Asset Allocation: The Pitfalls Of Extrapolation
There is a running joke in the mutual fund industry that even the ‘Thank You’ slides of marketing decks come with a disclaimer; “past performance is not indicative of future results”. And yet there is no better advertisement for any asset class than recent past performance. It was difficult to drum up any sort of interest for Bitcoin during its languishing years but with recent spectacular returns, interest has now exploded.
The reason perhaps is that our minds are primed to extrapolate. Show a child two dots and she will likely draw a line through them. Rarely will she make a circle, a curve, or a zigzag. But in real life, little else apart from a fixed deposit return is a straight line. Be it economic cycles, fortunes of a cricket team, or returns from an asset class.
Think about how equity markets moved during any year. Never does it look like a straight line from Jan. 1 to Dec. 31. In an especially volatile year like 2020, the BSE Sensex returns were a respectable 16%, but the difference between intra-year low and high points was a huge 84%. To varying degrees, this is true for most years.
Such volatility causes investors to allocate their portfolios on a short-term, tactical basis. All of us have that friend who calls up for equity recommendations when markets are soaring.
In fact, very few people take a strategic approach to investing and their overall asset allocation looks like an unplanned outcome of these short-term decisions. Even if some thought is put behind an overall plan, the allocation is often skewed towards the flavour of the season while yesteryear stars now lie at the bottom of the portfolio like inconsequential memo items.
For the median investor in India, there are four major asset classes to invest in; gold, property, Indian equities, and fixed deposits. At the margin, cryptocurrencies, private investments, international funds, etc. are making their way into asset allocation plans but from a historical standpoint, these four have formed the bulwark of an Indian investor’s portfolio. Their annual returns for the past two decades are in the next table. You will notice that the prize for the annual best-performing asset as also the wooden spoon has frequently changed hands.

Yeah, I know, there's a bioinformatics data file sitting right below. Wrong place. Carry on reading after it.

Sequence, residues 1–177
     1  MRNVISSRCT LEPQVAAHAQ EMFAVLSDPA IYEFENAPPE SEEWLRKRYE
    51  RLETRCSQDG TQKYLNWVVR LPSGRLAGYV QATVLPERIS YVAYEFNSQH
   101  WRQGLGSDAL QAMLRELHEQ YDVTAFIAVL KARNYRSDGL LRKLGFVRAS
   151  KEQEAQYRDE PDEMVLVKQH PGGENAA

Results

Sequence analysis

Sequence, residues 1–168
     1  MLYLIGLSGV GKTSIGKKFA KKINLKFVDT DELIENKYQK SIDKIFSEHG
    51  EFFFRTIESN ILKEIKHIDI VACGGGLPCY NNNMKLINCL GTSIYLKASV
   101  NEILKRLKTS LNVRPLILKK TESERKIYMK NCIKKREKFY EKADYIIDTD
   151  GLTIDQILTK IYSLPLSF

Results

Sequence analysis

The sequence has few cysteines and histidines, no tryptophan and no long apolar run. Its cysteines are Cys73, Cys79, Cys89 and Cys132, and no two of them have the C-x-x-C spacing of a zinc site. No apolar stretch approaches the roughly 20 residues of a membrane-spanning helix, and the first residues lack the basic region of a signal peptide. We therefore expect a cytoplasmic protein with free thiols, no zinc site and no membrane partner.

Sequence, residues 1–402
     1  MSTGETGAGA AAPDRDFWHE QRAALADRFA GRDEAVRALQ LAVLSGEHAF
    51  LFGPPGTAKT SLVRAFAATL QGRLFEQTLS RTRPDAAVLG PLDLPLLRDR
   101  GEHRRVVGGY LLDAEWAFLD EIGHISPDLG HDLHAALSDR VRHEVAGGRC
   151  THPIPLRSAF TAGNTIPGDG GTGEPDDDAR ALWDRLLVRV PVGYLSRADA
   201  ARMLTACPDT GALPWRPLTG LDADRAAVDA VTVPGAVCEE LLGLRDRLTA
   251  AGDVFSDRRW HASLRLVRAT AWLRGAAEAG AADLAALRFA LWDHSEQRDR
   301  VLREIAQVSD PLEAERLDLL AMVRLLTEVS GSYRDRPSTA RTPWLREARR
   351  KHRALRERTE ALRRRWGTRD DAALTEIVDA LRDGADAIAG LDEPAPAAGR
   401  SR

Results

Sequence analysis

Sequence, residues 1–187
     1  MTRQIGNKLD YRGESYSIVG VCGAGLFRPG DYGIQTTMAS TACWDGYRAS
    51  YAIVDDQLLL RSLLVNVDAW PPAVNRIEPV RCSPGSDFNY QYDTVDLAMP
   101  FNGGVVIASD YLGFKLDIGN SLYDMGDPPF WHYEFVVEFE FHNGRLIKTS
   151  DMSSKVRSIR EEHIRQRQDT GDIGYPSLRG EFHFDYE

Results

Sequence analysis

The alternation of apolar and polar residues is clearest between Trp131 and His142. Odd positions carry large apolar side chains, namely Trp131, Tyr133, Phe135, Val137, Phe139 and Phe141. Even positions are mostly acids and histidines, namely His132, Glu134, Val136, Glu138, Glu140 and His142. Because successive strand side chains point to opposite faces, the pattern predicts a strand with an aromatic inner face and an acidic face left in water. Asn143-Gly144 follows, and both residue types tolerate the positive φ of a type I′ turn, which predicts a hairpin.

To test the asset allocation hypothesis, two portfolios were created. One portfolio, which re-allocates every year on Jan. 1, invests all the money in the best-performing asset class of the preceding year. The other starts with a 25% investment in each asset class and on Jan. 1 every year, re-balances the portfolio to the original 25% weightage.
This exercise starts on Jan. 1, 2000, and since equities were the best-performing asset class in 1999, Portfolio A invests all the money there. On Jan. 1, 2001, it sells the equity portfolio and allocates all its money to fixed deposits since it was the best-performing asset class of the year 2000 and so on.
Portfolio B allocates 25% each to the four asset classes on Jan. 1, 2000. At the end of the year, as fixed deposits and gold have done well relative to equities, the portfolio gets skewed towards these two asset classes. The investor on Jan. 1, 2001, sells some fixed deposits and gold since they have outperformed and buys some equities that have underperformed, to get the overall portfolio allocation back to 25% towards each asset class.
While this difference may not seem large in CAGR terms, the absolute value of Portfolio B is almost 1,000 on an initial investment of 100 while that of Portfolio A is only 714.
Importantly, by being all-in into equities at the beginning of 2008, Portfolio A suffers a huge 55% drawdown while Portfolio B suffers a negligible setback of just 1% as the other three asset classes had healthy positive returns during that year. Another nuance that is missed is the tax implication of the heavy trading that happens in Portfolio A.
The aforementioned 9.3% pre-tax return gets whittled down to 7.1%, even after adjusting for carry-forward tax losses from years of large drawdowns like 2008. Post-tax return for Portfolio B gets lowered by just under 1%, from 11% to 10.1%. Since this is an illustrative exercise, a flat 15% capital gains tax has been assumed here. Higher the effective tax rate, lower the post-tax return for Portfolio A relative to Portfolio B.
Some hard-core equity bugs argue that through the period of two decades, equities have offered the best CAGR of 12%. This is better than even Portfolio B, and by not trading at all you avoided any capital gains. While this is factually correct, the Excel spreadsheet does not highlight the near-impossible mental fortitude that an investor would require to stick through with an only-equities portfolio through bouts of gut-churning volatility and drawdowns. It’s a rare investor who manages to do that.
The basic idea then is simple. Unless you are part of the small group of full-time investors and have other day jobs or passions to pursue, thinking of asset allocation at a portfolio level is important. Even a rudimentary approach like that of equal allocation across asset classes yields very good long-term returns and protects capital. At a time like this, when equities seem to be the only game in town, it’s a worthwhile reminder that extrapolation is a risky assumption.
Swanand Kelkar is an investor and former Managing Director at Morgan Stanley. Views are personal.
The views expressed here are those of the author, and do not necessarily represent the views of BloombergQuint or its editorial team.